Pacific Northwest Water Research Symposium

Hosted by the Oregon State University Hydrophiles, on March 6th-7th 2017

The abstract deadline is this Friday, Feb 1! Registration is free!

The purpose of this symposium is to foster connections between students and professionals across a variety of water resources fields. The symposium offers interactive learning opportunities through workshops, networking, and presentations of current student research in the fields of water resources science, engineering, and policy. This year’s keynote speaker will be Tom Byler, Director of the Oregon Water Resources Department. Graduate and undergraduate students from universities across the Pacific Northwest and beyond have the opportunity to share their research with a diverse audience. Conference website

Skagit Basin Water Mitigation Feasibility Assessment Seminar

Dr. Michael Brady, School of Economic Sciences, WSU

Wednesday, Feb 1, 2017 PACCAR room 202, 3:10pm WSU Pullman

In 2013, the Washington State Supreme Court ruled against a 2001 amendment that set aside groundwater reservations for development within the Skagit River Basin.  As a consequence, hundreds of properties no longer have a secure, uninterruptible water right. The objective of this study is to identify the least cost mitigation option in a spatially explicit manner for  all of the properties whose groundwater rights  were invalidated by the 2013 Supreme Court ruling. The core analysis focuses on piping and trucking water for streamflow augmentation, but we provide coarse comparisons to other alternatives, such as storage reservoirs for winter flow capture, trucking and piping for direct consumption, and rainwater capture based on information from existing studies. Further, while we focus on mitigation for the 451 properties developed since April of 2001, we provide several general results relating to water provision for future development in the otherwise closed sub-basins. This project was funded through the Engrossed Senate Bill No. 6589 and administered through the Department of Ecology, State of Washington Water Research Center and WSU. Co-authors include: J. Padowski, Q. Yang, E. Jessup, and J. Yoder. Project development, coordination, and review was accomplished with the help of David Christensen, Thomas Buroker, John Rose, Tom Culhane and Barb Anderson at the WA Department of Ecology.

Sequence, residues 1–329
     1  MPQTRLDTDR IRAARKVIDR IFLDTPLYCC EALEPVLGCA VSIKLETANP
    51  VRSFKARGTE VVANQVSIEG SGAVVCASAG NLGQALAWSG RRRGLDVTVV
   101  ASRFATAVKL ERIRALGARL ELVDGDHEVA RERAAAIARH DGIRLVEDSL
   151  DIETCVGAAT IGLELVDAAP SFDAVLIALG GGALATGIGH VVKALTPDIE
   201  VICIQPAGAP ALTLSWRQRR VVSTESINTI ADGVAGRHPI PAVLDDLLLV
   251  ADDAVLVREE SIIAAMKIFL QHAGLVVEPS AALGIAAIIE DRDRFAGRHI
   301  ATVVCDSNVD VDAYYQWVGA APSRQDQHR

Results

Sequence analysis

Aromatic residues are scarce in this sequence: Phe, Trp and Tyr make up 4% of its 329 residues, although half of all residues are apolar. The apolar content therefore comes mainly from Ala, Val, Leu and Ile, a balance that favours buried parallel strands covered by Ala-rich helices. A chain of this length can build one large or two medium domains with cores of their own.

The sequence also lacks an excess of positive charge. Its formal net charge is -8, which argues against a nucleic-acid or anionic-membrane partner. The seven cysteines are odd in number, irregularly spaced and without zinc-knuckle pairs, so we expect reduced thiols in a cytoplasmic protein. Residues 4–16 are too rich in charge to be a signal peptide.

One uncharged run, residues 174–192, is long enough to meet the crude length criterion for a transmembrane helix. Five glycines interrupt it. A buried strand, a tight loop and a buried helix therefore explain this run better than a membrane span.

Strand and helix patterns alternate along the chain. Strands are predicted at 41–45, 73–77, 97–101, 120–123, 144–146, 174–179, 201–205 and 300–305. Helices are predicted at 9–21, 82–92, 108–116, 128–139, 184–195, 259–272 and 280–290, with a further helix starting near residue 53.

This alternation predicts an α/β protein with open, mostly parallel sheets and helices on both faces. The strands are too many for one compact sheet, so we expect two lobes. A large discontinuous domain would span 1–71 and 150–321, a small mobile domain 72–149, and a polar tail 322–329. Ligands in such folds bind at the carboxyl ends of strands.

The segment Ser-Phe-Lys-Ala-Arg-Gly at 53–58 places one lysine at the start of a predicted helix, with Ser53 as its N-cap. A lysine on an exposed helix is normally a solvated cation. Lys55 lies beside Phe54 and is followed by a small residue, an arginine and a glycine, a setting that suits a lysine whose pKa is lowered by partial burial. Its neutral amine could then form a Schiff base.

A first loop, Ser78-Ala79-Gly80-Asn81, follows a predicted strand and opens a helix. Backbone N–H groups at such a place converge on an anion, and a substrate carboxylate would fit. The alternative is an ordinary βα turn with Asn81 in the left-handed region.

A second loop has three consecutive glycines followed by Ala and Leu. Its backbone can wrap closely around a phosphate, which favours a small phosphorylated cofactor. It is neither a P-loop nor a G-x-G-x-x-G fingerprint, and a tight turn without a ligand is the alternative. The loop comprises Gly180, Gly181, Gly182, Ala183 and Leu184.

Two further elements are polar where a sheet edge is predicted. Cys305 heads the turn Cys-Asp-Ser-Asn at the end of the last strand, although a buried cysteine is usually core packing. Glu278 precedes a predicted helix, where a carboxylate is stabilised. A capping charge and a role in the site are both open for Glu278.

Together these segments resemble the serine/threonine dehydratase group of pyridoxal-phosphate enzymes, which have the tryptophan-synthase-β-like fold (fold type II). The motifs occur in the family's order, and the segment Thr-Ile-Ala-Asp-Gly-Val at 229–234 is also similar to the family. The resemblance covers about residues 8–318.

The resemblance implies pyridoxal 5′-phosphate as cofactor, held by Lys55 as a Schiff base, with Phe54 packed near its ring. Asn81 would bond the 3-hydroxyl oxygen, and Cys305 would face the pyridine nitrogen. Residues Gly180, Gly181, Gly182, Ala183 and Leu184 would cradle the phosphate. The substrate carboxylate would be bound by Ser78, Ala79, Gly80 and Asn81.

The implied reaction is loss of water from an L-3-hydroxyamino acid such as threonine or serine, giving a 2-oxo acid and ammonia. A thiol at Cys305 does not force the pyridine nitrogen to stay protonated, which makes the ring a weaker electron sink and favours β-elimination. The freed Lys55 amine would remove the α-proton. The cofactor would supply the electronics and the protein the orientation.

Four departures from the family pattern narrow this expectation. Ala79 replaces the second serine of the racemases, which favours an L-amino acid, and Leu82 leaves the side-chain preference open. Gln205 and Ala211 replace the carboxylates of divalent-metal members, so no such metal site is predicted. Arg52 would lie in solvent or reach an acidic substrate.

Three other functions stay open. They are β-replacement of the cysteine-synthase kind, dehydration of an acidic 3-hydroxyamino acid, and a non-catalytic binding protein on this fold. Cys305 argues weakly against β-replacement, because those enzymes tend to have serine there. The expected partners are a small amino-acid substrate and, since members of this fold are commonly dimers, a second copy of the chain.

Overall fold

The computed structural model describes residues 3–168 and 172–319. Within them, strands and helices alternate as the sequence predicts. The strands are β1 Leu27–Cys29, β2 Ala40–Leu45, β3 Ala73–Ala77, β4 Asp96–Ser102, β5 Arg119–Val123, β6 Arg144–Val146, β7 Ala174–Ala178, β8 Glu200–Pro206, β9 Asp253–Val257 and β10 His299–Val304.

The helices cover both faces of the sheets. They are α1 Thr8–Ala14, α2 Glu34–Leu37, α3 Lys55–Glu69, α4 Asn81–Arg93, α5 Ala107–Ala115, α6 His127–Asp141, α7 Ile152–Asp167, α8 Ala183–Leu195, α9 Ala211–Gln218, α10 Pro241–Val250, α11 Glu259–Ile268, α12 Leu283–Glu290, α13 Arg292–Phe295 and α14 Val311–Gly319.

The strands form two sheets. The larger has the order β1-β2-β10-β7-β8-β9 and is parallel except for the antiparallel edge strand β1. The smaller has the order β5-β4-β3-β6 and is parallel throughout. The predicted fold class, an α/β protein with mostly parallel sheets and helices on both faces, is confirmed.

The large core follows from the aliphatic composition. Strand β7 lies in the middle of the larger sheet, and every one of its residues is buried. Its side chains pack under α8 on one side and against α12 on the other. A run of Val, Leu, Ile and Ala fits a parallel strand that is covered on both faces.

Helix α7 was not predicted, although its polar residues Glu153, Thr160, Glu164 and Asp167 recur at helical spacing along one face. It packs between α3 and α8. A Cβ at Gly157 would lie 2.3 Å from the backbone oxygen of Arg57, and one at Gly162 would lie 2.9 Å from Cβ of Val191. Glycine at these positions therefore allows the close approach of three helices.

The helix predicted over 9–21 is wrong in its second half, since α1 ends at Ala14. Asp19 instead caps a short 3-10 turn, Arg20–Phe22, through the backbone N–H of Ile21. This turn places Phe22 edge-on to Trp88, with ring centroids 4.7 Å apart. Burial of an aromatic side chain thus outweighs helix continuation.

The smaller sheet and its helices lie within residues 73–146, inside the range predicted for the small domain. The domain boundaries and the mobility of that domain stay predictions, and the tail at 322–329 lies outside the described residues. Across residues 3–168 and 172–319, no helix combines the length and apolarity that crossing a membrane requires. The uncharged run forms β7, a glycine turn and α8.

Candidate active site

AMS Connections: Puyallup REC, WSU Tri-Cities, WSU Vancouver The dial up number for all sites to dial for this event is 5701907. Meeting ID 01907 For technical assistance call 509-335-6575


CEREO – The Center for Environmental Research, Education and Outreach ( or check our online calendar for all environmental talks and events happening around campus:

SWWRC – State of Washington Water Research Center: (